Credibility is critical to the success of an expert witness. You should be able to rely on your expert for honesty, and a case that is articulately and assertively presented. There are many factors to consider when engaging an expert and to make sure that the opinion you receive is objective and will stand up to cross-examination.
Juries are required to sift through vast amounts of information. The reliance on an expert witness to assist in understanding the facts is crucial and appearance of bias can negate an expert’s testimony with the jury. Saponaro, Inc., employs several safeguards against unreliable and unethical expert witness testimony with the following guidelines:
It can happen even if you are treated by the most skilled physician at best hospital the state has to offer. Leaving lasting scars, disabilities, a lifetime of pain or even death, medical malpractice can destroy a patient’s life. It is little wonder why tragic mistakes lead to serious lawsuits.
Here are recent medical malpractice cases that have resulted in large settlements: (more…)
The Choice of Experts for Certificate or Affidavit of Merit
The expert that will review your case for merit will be matched to the specific board-certification of the defendant, or will match the certification of the licensed healthcare professional in question. The expert will be actively practicing or actively working in an academic capacity, and will meet your State requirements in qualifying as an expert witness. The expert will be checked for any potential conflicts, since they have agreed to support their opinion through deposition and/or trial, if warranted.
Medical errors happen every day. They occur in alarming numbers and are extremely costly. Some areas of inpatient and outpatient healthcare are particularly unsafe, such as pediatrics, surgery centers, emergency rooms, hospice care, intensive care units (ICUs), lower-volume hospitals, nursing homes/rehabilitation facilities, and more.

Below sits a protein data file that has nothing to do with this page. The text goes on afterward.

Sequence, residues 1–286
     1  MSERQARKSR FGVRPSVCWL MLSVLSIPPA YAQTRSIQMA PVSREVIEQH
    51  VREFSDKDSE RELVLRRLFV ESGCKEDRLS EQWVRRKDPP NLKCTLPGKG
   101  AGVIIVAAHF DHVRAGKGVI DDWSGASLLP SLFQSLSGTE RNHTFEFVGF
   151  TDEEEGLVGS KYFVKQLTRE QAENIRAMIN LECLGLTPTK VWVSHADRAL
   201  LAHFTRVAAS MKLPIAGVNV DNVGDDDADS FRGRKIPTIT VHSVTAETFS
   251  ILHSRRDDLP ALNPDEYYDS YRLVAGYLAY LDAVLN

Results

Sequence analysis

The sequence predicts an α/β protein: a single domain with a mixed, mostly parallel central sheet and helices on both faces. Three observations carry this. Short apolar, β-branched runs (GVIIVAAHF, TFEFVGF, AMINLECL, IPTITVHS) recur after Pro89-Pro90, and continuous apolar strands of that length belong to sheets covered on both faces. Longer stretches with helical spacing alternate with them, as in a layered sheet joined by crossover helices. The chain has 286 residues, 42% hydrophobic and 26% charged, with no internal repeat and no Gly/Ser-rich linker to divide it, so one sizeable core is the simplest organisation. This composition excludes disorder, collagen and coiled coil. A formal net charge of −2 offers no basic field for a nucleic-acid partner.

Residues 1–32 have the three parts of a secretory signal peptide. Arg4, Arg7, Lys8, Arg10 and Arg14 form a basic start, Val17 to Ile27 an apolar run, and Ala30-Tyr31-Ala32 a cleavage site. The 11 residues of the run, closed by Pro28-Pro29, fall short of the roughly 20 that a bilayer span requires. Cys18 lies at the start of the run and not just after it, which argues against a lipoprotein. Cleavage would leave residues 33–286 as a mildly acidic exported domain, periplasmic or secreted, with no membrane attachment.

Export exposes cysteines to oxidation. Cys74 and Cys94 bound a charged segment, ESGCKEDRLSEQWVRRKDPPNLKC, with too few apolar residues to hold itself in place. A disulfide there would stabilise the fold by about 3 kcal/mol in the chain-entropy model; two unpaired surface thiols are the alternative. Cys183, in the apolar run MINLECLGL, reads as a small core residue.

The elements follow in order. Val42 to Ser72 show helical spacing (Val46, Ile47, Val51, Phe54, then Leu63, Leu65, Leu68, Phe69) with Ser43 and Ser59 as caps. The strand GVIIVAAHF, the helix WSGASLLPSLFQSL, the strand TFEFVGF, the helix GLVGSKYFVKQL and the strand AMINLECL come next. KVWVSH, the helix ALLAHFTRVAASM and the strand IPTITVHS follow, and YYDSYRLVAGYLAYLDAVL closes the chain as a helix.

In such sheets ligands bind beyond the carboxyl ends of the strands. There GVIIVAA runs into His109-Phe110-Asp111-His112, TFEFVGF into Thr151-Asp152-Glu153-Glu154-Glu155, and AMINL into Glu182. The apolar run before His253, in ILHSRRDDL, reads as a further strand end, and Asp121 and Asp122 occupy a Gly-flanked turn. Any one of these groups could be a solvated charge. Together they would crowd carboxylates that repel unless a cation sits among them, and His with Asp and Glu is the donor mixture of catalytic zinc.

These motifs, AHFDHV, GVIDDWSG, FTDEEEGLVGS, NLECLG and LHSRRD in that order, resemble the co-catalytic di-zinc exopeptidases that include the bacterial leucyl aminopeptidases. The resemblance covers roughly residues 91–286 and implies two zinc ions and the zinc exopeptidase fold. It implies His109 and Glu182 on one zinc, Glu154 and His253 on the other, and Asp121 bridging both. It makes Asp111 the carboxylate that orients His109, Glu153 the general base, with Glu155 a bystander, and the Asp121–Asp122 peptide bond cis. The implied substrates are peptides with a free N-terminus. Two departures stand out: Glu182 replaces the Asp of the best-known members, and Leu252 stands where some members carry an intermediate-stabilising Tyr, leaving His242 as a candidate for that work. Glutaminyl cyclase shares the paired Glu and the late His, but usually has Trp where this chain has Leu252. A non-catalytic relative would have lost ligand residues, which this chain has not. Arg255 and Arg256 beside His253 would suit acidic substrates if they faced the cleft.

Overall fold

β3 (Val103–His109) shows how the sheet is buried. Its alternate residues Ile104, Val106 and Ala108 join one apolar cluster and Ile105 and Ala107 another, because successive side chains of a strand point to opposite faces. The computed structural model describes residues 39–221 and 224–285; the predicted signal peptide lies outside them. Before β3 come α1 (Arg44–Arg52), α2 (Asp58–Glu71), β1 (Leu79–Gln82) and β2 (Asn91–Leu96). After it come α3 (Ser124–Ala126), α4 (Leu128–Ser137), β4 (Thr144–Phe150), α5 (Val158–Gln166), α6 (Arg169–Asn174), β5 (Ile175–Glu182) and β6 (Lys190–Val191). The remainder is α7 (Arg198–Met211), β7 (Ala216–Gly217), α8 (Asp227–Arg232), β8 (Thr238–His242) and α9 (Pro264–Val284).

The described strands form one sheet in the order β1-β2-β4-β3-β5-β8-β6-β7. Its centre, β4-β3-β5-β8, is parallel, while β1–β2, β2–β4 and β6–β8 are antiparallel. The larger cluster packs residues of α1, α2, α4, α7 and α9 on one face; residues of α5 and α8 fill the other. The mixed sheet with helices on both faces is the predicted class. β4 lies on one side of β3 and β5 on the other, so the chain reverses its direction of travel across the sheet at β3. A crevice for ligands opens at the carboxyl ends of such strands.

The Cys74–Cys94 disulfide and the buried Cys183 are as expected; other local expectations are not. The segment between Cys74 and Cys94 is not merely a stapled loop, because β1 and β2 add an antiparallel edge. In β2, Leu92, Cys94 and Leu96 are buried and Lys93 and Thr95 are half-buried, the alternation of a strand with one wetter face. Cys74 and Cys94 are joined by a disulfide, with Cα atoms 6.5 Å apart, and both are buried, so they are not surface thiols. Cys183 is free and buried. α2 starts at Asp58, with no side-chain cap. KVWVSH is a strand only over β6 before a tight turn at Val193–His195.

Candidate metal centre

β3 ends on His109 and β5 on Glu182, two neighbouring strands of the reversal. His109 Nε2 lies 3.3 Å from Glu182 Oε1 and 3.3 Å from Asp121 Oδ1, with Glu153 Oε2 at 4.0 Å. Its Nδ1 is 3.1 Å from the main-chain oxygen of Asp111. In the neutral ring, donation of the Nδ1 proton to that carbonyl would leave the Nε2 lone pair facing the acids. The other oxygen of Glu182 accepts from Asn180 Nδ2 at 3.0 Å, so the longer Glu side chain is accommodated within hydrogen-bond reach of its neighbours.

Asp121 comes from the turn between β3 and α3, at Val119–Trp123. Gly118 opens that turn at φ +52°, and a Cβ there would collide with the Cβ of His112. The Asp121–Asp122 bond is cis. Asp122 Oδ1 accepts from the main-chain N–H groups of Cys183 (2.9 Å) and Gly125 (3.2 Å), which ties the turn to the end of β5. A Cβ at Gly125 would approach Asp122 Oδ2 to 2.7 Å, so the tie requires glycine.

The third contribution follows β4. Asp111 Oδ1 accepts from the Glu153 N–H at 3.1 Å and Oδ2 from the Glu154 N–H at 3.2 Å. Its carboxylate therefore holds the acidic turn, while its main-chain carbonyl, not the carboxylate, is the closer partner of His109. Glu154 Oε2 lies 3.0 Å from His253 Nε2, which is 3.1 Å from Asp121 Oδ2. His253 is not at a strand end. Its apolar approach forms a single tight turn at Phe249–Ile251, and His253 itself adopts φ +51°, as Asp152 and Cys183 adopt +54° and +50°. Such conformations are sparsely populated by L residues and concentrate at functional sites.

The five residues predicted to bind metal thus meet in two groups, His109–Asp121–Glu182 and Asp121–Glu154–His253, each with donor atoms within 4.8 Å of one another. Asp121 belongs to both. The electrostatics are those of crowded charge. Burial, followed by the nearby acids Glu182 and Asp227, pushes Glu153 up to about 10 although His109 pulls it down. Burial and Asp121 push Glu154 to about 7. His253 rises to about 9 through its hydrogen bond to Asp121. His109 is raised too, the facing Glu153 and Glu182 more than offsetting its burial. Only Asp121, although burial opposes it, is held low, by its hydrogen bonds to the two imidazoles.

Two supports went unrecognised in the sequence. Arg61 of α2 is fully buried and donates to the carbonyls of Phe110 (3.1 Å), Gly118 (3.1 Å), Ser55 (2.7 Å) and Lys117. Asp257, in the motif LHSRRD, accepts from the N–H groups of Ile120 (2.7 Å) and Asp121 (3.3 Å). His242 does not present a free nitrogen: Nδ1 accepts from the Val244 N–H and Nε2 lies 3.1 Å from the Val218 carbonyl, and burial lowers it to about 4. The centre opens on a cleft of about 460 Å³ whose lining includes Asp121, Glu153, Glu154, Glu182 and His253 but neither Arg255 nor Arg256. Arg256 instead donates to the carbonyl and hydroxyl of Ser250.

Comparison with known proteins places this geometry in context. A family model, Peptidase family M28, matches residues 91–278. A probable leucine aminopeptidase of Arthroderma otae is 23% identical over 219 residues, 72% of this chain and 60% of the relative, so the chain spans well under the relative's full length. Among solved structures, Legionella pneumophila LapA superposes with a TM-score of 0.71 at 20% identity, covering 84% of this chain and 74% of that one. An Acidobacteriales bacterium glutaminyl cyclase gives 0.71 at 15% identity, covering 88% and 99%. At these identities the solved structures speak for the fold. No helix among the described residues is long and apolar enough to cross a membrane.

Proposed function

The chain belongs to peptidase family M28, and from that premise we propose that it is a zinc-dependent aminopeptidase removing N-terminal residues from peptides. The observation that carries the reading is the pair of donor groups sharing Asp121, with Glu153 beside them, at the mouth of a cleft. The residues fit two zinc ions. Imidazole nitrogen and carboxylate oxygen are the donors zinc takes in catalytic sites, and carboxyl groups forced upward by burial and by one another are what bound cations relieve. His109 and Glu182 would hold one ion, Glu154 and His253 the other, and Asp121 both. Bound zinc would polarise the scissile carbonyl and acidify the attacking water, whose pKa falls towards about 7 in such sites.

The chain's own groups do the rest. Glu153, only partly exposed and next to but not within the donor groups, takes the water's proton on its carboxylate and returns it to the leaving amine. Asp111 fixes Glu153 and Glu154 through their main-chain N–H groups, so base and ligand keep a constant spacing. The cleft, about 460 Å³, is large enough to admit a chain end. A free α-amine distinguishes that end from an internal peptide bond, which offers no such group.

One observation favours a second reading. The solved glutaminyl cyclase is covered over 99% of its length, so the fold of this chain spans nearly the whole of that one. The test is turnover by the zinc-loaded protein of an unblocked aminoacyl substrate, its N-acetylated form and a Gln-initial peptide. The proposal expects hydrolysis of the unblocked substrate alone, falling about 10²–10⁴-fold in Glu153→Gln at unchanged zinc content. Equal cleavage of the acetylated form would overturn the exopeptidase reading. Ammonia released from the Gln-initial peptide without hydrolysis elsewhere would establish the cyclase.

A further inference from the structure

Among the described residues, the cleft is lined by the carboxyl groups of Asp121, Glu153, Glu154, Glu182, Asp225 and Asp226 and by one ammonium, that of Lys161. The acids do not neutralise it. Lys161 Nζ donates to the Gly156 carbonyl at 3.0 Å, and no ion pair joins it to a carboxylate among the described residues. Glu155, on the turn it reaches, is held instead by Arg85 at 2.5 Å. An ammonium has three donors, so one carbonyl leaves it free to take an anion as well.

The average person may think because medical errors happen so frequently, that medical malpractice lawsuits are abundant and that these cases are clogging up the courts. But these are just two in a long list of medical malpractice myths that need to be cleared up.
Misdiagnosis is more common than many people think, especially among pediatric patients. In a study that examined over 1,200 pediatric medical malpractice claims, the most common patient assessment issue was “failure to appreciate and reconcile relevant signs, symptoms and test results.”
The providers in the study failed to see the bigger clinical picture by looking at all available information (such as patient history, reported symptoms, a physical exam, and test results) to properly diagnose the patient.
The third most-common cardiovascular health threat is venous thromboembolism (VTE), or a blood clot in the leg that travels to the lungs. When diagnosed, it can be treated with surgical thrombectomy. But sometimes doctors don’t diagnose it in time to treat it with thrombectomy.
According to WorldThrombosisDay.org, “blood clots in the leg and lungs are responsible for hundreds of thousands of deaths worldwide, many of which could be avoided with proper diagnosis and treatment.”
Most VTE fatalities happen from a failure to diagnose, rather than a failure to treat it. When diagnosed in a sufficient amount of time, surgical thrombectomy is an adequate treatment to prevent long-term injury and death.
When a person is admitted into the hospital, they put their lives in the hands of medical professionals. Each of us trusts that the doctors, nurses, medical assistants, radiology technicians, and any other medical staff have our best interests at heart. But these professionals make mistakes.